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L.A. Welcomes New Clean Energy Buses

The city introduced 95 new natural gas-powered buses to the Commuter Express program.

As part of the continued effort to make Los Angeles "The Greenest City in the Nation", the L.A. Department of Transportation celebrated Wednesday the addition of 95 new natural gas powered buses to the Commuter Express fleet.


"These buses are brand new," said Jim Lefton, LADOT's Chief of Transit. "They're comfortable and they're clean fuel CNG buses, so they're helping to reduce traffic congestion. They're helping to clean the air as well."

The buses will replace the 95 older, diesel-powered buses in the fleet. With the replacement, the entire Commuter Express fleet is now powered by cleaner-burning compressed natural gas (CNG).

L.A. City Councilmember Jan Perry said the phasing out of old buses shows L.A.'s commitment to a greener city.

"Together, we are developing creative and environmentally sound ways of offering practical alternatives designed to get people out of their cars and onto mass transit," Perry said.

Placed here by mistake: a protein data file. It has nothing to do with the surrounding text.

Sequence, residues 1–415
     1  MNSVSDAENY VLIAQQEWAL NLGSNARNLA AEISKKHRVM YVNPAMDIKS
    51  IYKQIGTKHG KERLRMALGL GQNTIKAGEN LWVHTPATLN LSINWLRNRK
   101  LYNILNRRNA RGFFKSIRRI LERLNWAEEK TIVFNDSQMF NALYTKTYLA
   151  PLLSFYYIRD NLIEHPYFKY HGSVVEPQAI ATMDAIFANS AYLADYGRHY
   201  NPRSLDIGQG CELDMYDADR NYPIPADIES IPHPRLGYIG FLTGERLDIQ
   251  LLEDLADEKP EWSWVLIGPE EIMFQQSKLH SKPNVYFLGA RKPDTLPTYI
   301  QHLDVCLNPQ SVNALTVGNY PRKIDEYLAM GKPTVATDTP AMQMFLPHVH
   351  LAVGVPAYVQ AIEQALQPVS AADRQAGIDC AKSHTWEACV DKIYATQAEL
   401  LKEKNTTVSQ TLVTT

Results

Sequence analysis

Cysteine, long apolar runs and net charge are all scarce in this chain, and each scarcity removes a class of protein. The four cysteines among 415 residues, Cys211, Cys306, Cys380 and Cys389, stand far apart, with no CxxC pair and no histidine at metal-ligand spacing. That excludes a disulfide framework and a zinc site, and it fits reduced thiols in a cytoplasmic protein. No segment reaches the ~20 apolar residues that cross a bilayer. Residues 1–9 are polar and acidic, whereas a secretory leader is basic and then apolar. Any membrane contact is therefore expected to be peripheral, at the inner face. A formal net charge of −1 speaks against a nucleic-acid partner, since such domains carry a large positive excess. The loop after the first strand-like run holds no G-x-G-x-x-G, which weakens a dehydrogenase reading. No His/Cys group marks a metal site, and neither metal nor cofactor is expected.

The 95 new buses cost the city $66,975,000, which breaks down to $705,000 per bus.

Councilmember Bill Rosendahl said the Commuter Express program is beneficial to most L.A. residents, since nearly every council district has at least one Commuter Express route.

"Angelenos have made it clear that they want transportation choices," Rosendahl said. "They don't want to have to jump in a car for every trip they make."

Speaking of choices, commuters have greater opportunity to combine different ways of travel. Each of the new buses has three, instead of the old two, bike racks.

"From a commuter's point of view, it beats driving," said Jim Lefton, LADOT's Chief of Transit.

Lefton himself has been a Commuter Express rider himself for 20 years. He said he is looking forward to the new buses and appreciates that instead of driving in traffic, he can write e-mails, make phone calls or just relax while riding the buses to and from work.

"You can use your time productively," he said.

The buses service multiple neighborhoods in the L.A. area, and allow commuters to travel to work in the downtown area. Each bus has a 49 passenger capacity, about 4 to 6 more seats per bus than the old fleet. The buses also feature reclining seats, individual reading lights and air flow control.

The buses will be introduced into service for the general public beginning Dec. 5.

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